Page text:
The man who sued 27 women, one man, and several online platforms including Facebook and GoFundMe after Facebook users in an “Are We Dating the Same Guy?” group called him “clingy” and “psycho” had his case dismissed by a judge earlier this month. He then doubled down with a class action lawsuit on the same day.
Nikko D’Ambrosio of Illinois filed a complaint on January 8 claiming that the owner of “Are We Dating the Same” Facebook groups and website, which allow members to post images and descriptions of men who they’re dating to crowdsource “red flags or tea,” is responsible for libel, slander and doxing against him.
The judge in the first case dismissed the complaint on January 25 because the court did not have subject matter jurisdiction, but D’Ambrosio’s lawyers immediately refiled, this time as a class action lawsuit. Among the defendants listed in the new class action are Paola Sanchez, who started the “Are We Dating the Same” groups in 2022, and adds multiple “fictitious” names of women from the Chicago group his photos were posted in that he claims were also “responsible in some manner” for the damages, as well as Blake Millbrand, who the complaint claims provided software development to the Are We Dating the Same website and/or the related Spill the Tea site.
D’Ambrosio is still the only plaintiff named, but it’s brought on behalf of all others similarly situated, and Trent Law Firm, which is representing D’Ambrosio, is seeking others with stories like his in Illinois, who also want to come forward and claim they’ve been doxed, defamed, or had their intellectual property posted in these groups. The new complaint, like the previous, dismissed one, includes screenshots of people in the Facebook group posting that D’Ambrosio was “clingy” and that he called a woman names when she didn’t want to spend the night with him.
“It is the position of our client that Paola Sanchez, Blake Millbrand, and their corporations have unjustly personally enriched themselves at the expense of donors across the nation, and that Facebook has facilitated, promoted, and editorialized content for the groups in an effort to maximize its advertising revenue and collect large quantities digital information about users for the purpose of commercial profit,” Marc Trent, partner at Trent Law Firm, said in a statement about the class action lawsuit.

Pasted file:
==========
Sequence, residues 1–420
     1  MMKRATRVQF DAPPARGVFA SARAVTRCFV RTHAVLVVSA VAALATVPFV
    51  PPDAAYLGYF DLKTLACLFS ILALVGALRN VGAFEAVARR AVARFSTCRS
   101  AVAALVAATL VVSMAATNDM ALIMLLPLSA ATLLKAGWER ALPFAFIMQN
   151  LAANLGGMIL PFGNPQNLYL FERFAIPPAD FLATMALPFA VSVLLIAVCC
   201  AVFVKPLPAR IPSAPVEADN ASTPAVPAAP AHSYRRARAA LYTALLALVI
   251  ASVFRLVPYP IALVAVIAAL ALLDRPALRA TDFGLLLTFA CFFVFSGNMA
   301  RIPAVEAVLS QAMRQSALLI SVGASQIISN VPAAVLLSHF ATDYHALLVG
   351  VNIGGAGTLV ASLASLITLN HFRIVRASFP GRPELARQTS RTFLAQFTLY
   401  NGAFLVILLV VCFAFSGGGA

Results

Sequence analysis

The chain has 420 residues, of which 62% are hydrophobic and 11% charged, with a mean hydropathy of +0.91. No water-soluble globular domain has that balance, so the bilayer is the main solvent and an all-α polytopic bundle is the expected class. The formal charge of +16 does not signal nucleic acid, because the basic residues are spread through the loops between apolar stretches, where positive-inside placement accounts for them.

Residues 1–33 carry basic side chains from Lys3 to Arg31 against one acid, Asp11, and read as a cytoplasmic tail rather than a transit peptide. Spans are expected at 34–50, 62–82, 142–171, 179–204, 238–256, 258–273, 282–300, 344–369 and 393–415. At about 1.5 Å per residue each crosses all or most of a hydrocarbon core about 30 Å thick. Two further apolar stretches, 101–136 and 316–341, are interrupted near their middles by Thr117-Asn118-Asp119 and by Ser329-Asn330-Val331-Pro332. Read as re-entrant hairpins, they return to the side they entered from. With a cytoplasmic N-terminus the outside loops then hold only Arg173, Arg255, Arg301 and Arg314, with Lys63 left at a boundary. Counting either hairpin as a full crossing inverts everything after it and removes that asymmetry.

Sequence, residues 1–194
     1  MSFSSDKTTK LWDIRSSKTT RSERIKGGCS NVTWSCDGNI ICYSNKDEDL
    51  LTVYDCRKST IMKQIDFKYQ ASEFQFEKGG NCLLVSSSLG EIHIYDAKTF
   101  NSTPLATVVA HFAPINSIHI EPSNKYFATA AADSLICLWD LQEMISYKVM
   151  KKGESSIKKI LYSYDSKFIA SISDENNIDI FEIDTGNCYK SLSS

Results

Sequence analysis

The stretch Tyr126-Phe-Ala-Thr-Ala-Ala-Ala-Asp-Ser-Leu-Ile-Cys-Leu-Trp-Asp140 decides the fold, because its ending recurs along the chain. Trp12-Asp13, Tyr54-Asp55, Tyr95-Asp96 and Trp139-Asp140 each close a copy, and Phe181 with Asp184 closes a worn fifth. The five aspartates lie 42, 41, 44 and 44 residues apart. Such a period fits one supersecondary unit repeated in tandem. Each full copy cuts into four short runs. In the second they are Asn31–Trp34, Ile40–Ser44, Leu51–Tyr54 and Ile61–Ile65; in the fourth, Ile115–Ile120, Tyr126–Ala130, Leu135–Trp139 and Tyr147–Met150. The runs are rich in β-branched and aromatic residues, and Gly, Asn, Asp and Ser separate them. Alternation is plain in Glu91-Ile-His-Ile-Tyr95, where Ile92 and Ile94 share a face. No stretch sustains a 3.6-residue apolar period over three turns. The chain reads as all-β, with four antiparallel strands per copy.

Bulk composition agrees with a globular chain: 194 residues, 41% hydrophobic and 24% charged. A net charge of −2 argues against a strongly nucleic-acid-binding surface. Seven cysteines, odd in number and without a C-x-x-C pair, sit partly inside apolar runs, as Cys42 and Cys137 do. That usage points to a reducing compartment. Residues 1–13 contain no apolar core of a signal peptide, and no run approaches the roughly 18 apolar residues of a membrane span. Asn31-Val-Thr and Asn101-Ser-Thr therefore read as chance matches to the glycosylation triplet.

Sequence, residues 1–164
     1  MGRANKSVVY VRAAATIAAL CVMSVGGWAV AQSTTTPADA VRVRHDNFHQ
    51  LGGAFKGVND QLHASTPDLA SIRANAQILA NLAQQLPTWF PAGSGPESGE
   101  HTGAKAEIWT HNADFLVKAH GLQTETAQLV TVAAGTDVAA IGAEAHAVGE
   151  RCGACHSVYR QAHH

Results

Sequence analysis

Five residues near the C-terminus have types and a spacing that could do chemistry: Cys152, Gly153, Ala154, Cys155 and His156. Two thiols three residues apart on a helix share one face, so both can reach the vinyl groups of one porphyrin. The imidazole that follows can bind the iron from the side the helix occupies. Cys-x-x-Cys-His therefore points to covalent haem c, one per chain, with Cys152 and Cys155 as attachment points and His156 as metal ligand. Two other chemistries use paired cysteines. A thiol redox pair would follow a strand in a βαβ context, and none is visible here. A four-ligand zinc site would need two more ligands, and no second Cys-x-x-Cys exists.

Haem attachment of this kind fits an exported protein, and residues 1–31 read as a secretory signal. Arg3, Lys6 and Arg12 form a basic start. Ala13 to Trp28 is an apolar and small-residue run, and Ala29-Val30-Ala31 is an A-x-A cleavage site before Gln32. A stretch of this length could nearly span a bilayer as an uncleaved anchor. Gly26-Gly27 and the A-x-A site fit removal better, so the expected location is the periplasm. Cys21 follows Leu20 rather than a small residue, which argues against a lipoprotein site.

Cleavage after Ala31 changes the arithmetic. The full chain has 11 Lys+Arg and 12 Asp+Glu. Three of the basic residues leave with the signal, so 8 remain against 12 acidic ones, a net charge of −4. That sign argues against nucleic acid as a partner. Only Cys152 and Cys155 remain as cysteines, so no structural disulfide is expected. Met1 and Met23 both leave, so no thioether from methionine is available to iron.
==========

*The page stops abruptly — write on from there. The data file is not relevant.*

After I wrote about D’Ambrosio’s first case, several people who are either members of AWDTSG groups or have been posted in them reached out to share their experiences. One person said they’d been “posted, trashed, and doxxed” in one of the groups. Another claimed he was posted with negative comments in another city’s group by an ex-girlfriend. “Not being able to defend myself when I have verifiable evidence that she’s doing it out of spite because I rejected her is a terrible feeling,” he told me, and said the thought women in his area, as well as family or coworkers, could see the posts “makes me want to crawl in a hole and die.”
A woman who reached out as a member of the Chicago group told me that the group seemed mostly uneventful. “80% of the men posted usually don’t get any feedback from women. They’re mostly just your average guy that no one knows. Occasionally someone who knows the guy will say ‘I know him from work/school/neighborhood/family and they’re alright,’” she said. A small percentage get negative feedback, and an even smaller number are flagged as being truly abusive or violent, she said. “Basically I use the group to keep an eye on anyone who gets posted who might be dangerous, or to see if any men I know gets posted.”